Imagine a workplace in your town where one of every three employees had the same work-related illness. Better yet, imagine that it was one in three employees in your own workplace. That’d be pretty shocking, right?
Well, that’s what the CDC’s National Institute for Occupational Safety and Health (NIOSH) found among 191 workers at Amick Farms’ poultry processing plant in Hurlock, MD. Thirty-four percent had carpal tunnel syndrome (CTS). Equally striking, a whopping 76 percent of the workers in the study had evidence of nerve damage in their hands and wrists. The findings of this NIOSH “Health Hazard Evaluation” were released today.
The Amick Farms plant processes about 177,000 chickens per day with a workforce of 877 employees in production jobs. The workers, who are represented by the United Food and Commercial Workers Union (UFCW) Local 27, typically work 8-hour shifts and are given a 36-minute lunch break and another 12-minute break. The incessant line speed and repetitive motion of the cutting tasks have workers in not just this plant, but throughout the poultry industry, calling their workplaces “houses of pain.”
In a blog post about the Amick Farms’ HHE, the NIOSH researchers note:
“The high prevalence of carpal tunnel syndrome at this plant is not surprising given the literature on the topic as well as past NIOSH HHEs in poultry processing showing a link between carpal tunnel syndrome and levels of exposure to hand repetition and force above recommended limits.”
No, I guess we shouldn’t be surprised by the results. It was around this time last year when NIOSH released another HHE from a different poultry processing plant. This one, from a Pilgrim’s Pride facility in South Carolina, found 42 percent prevalence of CTS among 375 workers on the daytime production shift. 42%, 34%, it’s all bad news for poultry processing workers.
Both of these HHE’s were requested by the firms in order to fulfill a requirement by the USDA’s Food Safety Inspection Service (FSIS). Poultry companies that wanted to convert to an alternative inspection system called the “Hazard Analysis and Critical Control Point (HACCP) Inspection Models Project (HIMP)” had to invite NIOSH to conduct an HHE. The alternative system reduces the number of FSIS inspectors and allows the plants to increase production line speeds.
NIOSH’s evaluation at the Amick Farms’ plant involved multiple visits to the facility during 2014. Ninety-six percent of the 199 eligible employees participated. Their average age was 40 years (range: 20–70), with 46% of the workers identifying as Hispanic, 30% identifying as African-American, and 20% identifying as Creole. The workers answered a questionnaire about their work and medical history. Each of them also underwent nerve conduction test (which I hear is downright painful.)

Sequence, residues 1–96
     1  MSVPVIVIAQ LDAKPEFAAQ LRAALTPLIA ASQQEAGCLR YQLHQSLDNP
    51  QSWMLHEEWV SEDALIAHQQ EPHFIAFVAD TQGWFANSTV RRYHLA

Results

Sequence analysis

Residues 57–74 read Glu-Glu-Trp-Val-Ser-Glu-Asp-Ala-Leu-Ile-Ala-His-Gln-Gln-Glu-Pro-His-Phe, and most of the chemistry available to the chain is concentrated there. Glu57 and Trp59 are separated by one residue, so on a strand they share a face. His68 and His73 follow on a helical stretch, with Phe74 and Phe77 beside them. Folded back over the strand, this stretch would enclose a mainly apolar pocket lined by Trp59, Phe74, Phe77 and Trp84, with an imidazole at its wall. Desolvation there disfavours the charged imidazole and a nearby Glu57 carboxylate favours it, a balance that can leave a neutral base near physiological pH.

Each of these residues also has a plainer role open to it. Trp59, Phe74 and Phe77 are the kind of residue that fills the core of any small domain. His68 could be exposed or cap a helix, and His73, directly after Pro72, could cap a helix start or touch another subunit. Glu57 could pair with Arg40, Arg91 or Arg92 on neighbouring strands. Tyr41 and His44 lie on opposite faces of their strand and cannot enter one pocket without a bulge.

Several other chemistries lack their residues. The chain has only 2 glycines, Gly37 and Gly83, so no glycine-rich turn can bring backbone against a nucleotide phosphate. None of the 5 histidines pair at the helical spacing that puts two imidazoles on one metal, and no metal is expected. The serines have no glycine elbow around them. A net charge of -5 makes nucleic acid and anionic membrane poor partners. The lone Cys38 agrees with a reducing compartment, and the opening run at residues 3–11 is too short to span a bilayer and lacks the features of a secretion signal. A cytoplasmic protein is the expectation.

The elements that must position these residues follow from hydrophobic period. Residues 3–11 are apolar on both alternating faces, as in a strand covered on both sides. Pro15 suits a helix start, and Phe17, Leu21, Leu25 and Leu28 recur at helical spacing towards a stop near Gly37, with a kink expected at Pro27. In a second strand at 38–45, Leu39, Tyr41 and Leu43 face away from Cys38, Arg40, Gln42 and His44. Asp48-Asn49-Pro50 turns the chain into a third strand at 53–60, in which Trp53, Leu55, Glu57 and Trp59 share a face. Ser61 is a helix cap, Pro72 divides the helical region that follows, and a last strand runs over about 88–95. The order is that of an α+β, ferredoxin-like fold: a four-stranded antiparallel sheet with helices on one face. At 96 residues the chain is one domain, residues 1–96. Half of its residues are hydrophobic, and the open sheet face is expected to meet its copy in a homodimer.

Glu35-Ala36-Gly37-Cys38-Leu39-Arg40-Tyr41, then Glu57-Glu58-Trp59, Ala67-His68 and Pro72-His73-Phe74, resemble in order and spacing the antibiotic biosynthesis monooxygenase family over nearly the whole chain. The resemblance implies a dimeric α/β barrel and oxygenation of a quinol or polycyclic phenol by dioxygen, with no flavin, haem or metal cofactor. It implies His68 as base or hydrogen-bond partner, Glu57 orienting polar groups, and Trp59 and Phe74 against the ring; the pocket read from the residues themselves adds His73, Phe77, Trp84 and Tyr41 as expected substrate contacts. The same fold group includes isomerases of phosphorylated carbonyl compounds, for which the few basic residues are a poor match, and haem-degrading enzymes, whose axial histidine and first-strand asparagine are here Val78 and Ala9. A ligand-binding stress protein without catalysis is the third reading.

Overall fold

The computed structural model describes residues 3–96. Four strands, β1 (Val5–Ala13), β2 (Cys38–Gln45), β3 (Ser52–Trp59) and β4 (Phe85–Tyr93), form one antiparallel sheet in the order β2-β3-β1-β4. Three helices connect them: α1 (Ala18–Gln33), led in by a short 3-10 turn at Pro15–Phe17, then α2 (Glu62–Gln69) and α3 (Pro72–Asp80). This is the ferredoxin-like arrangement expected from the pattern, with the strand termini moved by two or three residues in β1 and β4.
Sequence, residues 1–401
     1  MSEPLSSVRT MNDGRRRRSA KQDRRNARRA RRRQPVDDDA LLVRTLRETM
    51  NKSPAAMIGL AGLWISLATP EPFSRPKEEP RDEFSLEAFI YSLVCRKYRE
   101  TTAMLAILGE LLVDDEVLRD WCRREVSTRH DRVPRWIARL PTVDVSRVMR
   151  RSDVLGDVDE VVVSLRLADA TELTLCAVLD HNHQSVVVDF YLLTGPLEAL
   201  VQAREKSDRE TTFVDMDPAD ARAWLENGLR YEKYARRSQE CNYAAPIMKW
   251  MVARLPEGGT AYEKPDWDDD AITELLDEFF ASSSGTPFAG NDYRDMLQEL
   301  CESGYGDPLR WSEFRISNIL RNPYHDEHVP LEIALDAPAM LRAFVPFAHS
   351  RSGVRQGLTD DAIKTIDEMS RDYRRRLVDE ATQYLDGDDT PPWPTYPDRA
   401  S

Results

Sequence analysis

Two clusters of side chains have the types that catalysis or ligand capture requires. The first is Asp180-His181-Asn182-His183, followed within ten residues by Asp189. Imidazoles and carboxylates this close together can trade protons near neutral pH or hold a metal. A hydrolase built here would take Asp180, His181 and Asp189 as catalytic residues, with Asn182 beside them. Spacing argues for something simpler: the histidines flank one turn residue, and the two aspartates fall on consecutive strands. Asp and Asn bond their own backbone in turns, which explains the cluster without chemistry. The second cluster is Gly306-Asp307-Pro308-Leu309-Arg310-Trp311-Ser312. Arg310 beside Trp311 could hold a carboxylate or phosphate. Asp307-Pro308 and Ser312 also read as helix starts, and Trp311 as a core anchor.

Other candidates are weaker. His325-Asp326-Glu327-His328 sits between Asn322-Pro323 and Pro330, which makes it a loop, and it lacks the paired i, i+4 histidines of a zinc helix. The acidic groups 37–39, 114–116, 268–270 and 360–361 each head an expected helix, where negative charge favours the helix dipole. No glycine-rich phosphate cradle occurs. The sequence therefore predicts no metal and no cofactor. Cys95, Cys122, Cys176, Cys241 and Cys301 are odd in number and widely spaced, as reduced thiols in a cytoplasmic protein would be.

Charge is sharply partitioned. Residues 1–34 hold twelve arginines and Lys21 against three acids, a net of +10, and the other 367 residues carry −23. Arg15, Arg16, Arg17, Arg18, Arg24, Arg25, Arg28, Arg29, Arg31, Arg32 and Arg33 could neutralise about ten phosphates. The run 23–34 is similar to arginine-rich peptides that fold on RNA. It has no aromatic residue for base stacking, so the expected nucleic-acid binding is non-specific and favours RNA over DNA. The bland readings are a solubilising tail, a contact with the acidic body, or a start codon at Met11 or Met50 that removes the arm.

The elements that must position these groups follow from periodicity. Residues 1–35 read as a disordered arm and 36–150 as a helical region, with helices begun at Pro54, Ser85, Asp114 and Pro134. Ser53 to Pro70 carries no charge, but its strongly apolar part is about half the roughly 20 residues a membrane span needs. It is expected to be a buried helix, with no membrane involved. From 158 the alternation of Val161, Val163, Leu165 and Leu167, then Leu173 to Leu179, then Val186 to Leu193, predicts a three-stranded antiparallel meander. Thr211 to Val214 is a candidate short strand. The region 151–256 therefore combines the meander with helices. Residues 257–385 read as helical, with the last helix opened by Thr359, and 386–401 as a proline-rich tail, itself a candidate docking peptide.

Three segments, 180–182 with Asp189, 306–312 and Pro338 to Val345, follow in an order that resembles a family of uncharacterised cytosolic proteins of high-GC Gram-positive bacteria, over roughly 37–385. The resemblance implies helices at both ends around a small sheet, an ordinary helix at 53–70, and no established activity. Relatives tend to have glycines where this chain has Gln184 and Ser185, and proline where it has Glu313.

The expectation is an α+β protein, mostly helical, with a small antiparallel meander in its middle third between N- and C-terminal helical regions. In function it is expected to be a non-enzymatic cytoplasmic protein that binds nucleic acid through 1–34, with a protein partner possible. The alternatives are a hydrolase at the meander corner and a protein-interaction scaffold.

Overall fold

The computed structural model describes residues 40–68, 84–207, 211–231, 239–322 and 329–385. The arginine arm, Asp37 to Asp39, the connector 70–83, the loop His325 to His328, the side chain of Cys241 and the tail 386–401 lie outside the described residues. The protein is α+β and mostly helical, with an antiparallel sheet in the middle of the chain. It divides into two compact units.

What did NIOSH find?
The agency identified 64 workers (34%) who met its case definition for CTS:
Pain, numbness, burning, tingling in the hands or wrists, occurring more than 3 times or lasting 7 days or longer in the past 12 months; AND marked or shaded the location of their symptoms in the median nerve distribution area on a hand symptom diagram; AND an abnormal median nerve conduction in the affected hand or wrist.
Worse yet, 42% had carpal tunnel in both hands.
The nerve conduction test results were also alarming. Of the 64 workers with CTS, 92% had moderate or severe median mononeuropathy in at least one hand. Among all 191 workers who had nerve conduction tests, the presence of median mononeuropathy was rated as moderate in 49% of the workers and severe in 13%. Even without the sophisticated nerve conduction tests, 110 of the 191 workers reported having symptoms of musculoskeletal injuries. Fifty-eight percent, for example, reported being awakened from sleep in the last 7 days by the symptoms. (At the South Carolina Pilgrim’s Pride plant, 67 percent of workers reported this same problem.)
The NIOSH HHE also included videotaping of numerous job tasks in the plant. The researchers observed workers having to reach above their shoulders to use knife sharpeners (many times per shift) and did not have the ability to adjust platforms to fit their height and the type of work. These sort of work-design failures are key contributors to musculoskeletal injuries. The researchers noted that 59% of the tasks exceeded the recommended limits established by ACGIH for hand activity and force.
Like NIOSH, I’m not surprised by these terrible findings, and I know that poultry workers at these and other plants across the country won’t be surprised either. The poultry industry has been allowed to take a pass and not be held accountable for the injuries sustained by its workers. The companies are not required to fix the conditions that cause these injuries because there are no meaningful federal regulations that require them to do so.
I appreciate the thoughtful time and effort invested by NIOSH in conducting the HHEs in these poultry plants. At some point, however, more studies finding the same result just become an interesting academic exercise. There’s already plenty in the scientific literature about the types and causes of injuries in poultry processing plants. How many more HHEs and studies do policy makers need before they tell the poultry industry enough is enough?